Seifudein Adem, PhD

Associate Director, Institute of Global Cultural Studies

Binghamton University, USA

Interview with Prof Ali Mazrui in August 2013, Mombasa, Kenya
Interview with Prof Ali Mazrui in August 2013 - Mombasa, Kenya

Library of Congress: Conversation with African Poet and Writer Ali Mazrui 
Conversation with African Poet and Writer Ali Mazrui - Library of Congress   


The Scholar 
Between Thought and Experience
A Bibliographical Festschrift in Honor of Ali A. Mazrui   


About Mazrui, Online


Mazrui Facebook  


Pambazuka  News

Ali A. Mazrui, the futurologist by Seifudein Adem   


The New York Times

Ali Mazrui, Scholar of Africa Who Divided U.S. Audiences, Dies at 81 by Douglas Martin   


The Guardian

Al Jazeera

An intellectual giant: Ali Mazrui (1933-2014)  by Hatem Bazian    



In Memoriam: Intellectual Ali Mazrui (1933-2014) by Mwangi S. Kimenyi and Amy Copley

Daily Nation

Mazrui's story over the years has been one of impressive tenacity and stamina by Mahmood Mamdani  

TThe Mazruiana Collection Revisited
An Annotated and Selected Thematic Bibliography

1 - The Africans  /  Ali Al'amin Mazrui
The Africans / Ali Al'amin Mazrui

ALI A. MAZRUI was born in Mombasa, Kenya, on February 24, 1933. He is now Albert Schweitzer Professor in the Humanities and Director of the Institute of Global Cultural Studies at Binghamton University, State University of New York. He is also Albert Luthuli Professor-at-Large at the University of Jos in Nigeria. He is Andrew D. White Professor-at-Large Emeritus and Senior Scholar in Africana Studies at Cornell University. Dr. Mazrui has also been appointed Chancellor of the Jomo Kenyatta University of Agriculture and Technology in Kenya - an appointment made by Kenya's Head of State. Mazrui was Ibn Khaldun Professor-at-Large, Graduate School of Islamic and Social Sciences, Leesburg, Virginia (1997-2000). He was also Walter Rodney Professor at the University of Guyana, Georgetown, Guyana (1997-1998). Mazrui obtained his B.A. with Distinction from Manchester University in England, his M.A. from Columbia University in New York, and his doctorate from Oxford University in England. For ten years he was at Makerere University, Kampala, Uganda, where he served as head of the Department of Political Science, Dean of the Faculty of Social Sciences as well as Dean of the Faculty of Law. He once served as Vice-President of the International Political Science Association and has lectured in five continents. Professor Mazrui also served as professor of political science (1974-1991) and as Director of the Center for Afroamerican and African Studies (1978-1981) at The University of Michigan, Ann Arbor, Michigan. He has also been Visiting Scholar at Stanford, Chicago, Colgate, Singapore, Australia, Malaysia, Oxford, Harvard, Bridgewater, Cairo, Leeds, Nairobi, Teheran, Denver, London, Ohio State, Baghdad, McGill, Sussex, Pennsylvania, etc. Dr. Mazrui has also served as Special Advisor to the World Bank. He has also served on the Board of Directors of the American Muslim Council, Washington, D.C., and served as chair of the Board of the Center for the Study of Islam and Democracy, Washington, D.C. He is also on the Board of the Center for Muslim-Christian Understanding, Georgetown University, Washington, D.C., and is a Fellow of the Institute of Governance and Social Research, Jos, Nigeria.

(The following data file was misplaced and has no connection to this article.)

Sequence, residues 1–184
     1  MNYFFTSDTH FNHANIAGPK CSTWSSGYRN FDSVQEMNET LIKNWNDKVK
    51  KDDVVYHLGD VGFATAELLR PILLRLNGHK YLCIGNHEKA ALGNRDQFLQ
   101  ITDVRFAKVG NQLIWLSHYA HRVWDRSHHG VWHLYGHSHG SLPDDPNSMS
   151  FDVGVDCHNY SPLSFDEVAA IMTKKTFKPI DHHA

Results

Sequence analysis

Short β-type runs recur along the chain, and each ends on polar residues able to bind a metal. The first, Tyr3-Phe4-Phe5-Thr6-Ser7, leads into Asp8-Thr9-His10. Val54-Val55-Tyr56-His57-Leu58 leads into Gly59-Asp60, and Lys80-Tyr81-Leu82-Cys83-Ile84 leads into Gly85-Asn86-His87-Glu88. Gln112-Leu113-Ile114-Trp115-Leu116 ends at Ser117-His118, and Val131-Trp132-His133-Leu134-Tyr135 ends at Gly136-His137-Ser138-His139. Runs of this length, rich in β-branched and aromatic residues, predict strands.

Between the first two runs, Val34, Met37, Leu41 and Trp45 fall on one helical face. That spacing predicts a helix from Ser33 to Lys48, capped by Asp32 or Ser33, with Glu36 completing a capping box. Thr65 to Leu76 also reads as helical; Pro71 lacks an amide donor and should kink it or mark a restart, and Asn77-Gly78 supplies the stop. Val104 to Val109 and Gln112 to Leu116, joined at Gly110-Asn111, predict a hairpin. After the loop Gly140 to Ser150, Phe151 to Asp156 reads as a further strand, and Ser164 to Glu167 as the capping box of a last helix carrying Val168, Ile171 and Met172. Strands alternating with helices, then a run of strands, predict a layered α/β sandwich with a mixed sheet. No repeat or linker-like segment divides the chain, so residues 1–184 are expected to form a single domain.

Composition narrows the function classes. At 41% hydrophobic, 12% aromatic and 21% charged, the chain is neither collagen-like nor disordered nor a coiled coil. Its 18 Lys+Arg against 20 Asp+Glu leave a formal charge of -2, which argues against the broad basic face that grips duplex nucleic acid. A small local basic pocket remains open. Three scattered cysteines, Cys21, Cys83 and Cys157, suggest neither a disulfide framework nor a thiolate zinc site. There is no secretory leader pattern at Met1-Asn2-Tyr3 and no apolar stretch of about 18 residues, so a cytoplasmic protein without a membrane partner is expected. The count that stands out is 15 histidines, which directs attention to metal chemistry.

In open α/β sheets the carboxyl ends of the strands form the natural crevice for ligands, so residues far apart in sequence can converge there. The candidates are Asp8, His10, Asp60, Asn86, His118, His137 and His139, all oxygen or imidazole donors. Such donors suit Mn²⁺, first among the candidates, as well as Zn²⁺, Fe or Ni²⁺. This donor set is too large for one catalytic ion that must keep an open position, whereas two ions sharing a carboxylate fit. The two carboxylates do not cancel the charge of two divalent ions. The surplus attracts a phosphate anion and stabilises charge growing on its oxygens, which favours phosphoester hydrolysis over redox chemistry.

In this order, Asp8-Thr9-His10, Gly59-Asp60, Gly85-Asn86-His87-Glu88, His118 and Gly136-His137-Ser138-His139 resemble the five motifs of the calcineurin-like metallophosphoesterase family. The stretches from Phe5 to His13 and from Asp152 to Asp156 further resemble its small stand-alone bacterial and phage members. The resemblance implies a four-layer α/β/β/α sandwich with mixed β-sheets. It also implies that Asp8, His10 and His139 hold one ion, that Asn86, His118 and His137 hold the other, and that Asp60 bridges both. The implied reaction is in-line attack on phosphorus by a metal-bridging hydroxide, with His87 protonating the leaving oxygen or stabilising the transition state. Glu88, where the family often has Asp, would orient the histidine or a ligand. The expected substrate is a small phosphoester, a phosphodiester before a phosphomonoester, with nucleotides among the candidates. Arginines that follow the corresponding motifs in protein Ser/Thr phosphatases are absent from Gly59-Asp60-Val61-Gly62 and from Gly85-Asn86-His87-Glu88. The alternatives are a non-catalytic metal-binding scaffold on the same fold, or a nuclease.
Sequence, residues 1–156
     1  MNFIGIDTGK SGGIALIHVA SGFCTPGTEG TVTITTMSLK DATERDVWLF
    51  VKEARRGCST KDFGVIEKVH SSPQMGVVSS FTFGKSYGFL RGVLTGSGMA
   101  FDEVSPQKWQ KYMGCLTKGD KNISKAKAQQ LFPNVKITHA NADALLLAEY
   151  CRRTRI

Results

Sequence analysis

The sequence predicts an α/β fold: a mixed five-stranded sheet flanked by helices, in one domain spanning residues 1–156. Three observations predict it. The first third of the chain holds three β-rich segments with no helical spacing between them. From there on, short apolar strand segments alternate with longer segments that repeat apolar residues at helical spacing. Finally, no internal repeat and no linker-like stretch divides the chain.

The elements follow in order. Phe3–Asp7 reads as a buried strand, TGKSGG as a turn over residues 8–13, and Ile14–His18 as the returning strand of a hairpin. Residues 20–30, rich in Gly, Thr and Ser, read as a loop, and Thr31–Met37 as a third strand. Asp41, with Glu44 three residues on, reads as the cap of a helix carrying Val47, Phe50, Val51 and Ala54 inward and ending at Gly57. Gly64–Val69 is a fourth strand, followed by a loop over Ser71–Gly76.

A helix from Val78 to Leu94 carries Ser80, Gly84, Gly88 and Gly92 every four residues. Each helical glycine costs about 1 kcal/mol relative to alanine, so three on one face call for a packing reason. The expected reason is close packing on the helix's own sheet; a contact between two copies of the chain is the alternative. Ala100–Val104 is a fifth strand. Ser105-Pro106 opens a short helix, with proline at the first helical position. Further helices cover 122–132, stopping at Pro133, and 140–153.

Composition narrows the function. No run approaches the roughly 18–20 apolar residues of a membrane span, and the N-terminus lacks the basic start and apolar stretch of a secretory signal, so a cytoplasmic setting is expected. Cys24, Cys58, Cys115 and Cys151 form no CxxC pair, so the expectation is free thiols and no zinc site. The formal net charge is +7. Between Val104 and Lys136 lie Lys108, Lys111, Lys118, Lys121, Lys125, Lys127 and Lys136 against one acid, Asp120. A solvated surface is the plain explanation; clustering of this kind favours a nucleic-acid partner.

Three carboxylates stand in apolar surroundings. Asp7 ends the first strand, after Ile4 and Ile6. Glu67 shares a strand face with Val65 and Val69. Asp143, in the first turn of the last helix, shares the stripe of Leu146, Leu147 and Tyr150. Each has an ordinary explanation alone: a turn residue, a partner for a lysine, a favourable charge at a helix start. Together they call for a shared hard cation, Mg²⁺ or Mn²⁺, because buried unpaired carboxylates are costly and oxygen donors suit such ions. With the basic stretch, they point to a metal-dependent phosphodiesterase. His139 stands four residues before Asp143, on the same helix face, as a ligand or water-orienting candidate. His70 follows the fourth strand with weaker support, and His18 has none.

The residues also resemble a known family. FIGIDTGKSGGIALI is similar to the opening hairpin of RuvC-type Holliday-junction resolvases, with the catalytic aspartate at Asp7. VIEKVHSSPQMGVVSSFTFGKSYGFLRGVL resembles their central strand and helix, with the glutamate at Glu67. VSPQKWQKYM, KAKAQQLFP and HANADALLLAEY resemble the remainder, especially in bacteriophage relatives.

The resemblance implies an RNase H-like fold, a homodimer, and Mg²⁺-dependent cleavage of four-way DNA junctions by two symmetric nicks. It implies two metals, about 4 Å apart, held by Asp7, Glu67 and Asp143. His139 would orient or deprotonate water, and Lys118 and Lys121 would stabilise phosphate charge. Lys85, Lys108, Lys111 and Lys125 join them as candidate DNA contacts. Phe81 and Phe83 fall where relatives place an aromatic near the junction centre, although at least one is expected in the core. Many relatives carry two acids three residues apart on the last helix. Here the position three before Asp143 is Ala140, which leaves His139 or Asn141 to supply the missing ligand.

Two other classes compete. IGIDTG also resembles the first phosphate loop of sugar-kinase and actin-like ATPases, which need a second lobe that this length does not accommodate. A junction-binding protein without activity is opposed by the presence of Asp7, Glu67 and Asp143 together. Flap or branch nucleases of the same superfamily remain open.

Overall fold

In 2005 the American journal, FOREIGN POLICY (Washington, DC), and the British Journal, PROSPECT (London), nominated Ali Mazrui among the top 100 public intellectuals alive in the world as a whole. FOREIGN POLICY is published by the Carnegie Endowment for International Peace, New York. Mazrui was earlier elected an Icon of the Twentieth Century by Lincoln University in Pennsylvania, U.S.A. In 2007 he was nominated for the Living Legends Award by the Economic Community of West African States [ECOWAS] and the African Communications Association.


His more than thirty books include Towards a Pax Africana (1967), and The Political Sociology of the English Language (1975). He has also published a novel entitled The Trial of Christopher Okigbo (1971). His research interests include African politics, international political culture, political Islam, and North-South relations. His most comprehensive books include A World Federation of Cultures: An African Perspective (published by the Free Press in New York in 1976) and Cultural Forces in World Politics (James Currey and Heinemann, 1990). Among his books on language in society is The Power of Babel: Language and Governance in Africa's Experience (co-author Alamin M. Mazrui) (James Currey and University of Chicago Press, 1998), which was launched in the House of Lords, London, at a historic ceremony saluting Mazrui's works. He and Alamin M. Mazrui have also been working on a project on Black Reparations in the Era of Globalization. His most recent books include Islam Between Globalization and Counterterrorism (Trenton, NJ: Africa World Press and Oxford: James Currey Publishers, 2006), A Tale of Two Africas: Nigeria and South Africa as Contrasting Visions (London: Adonis-Abbey, 2006) and The Politics of War and the Culture of Violence (Trenton, NJ, Africa World Press, 2008).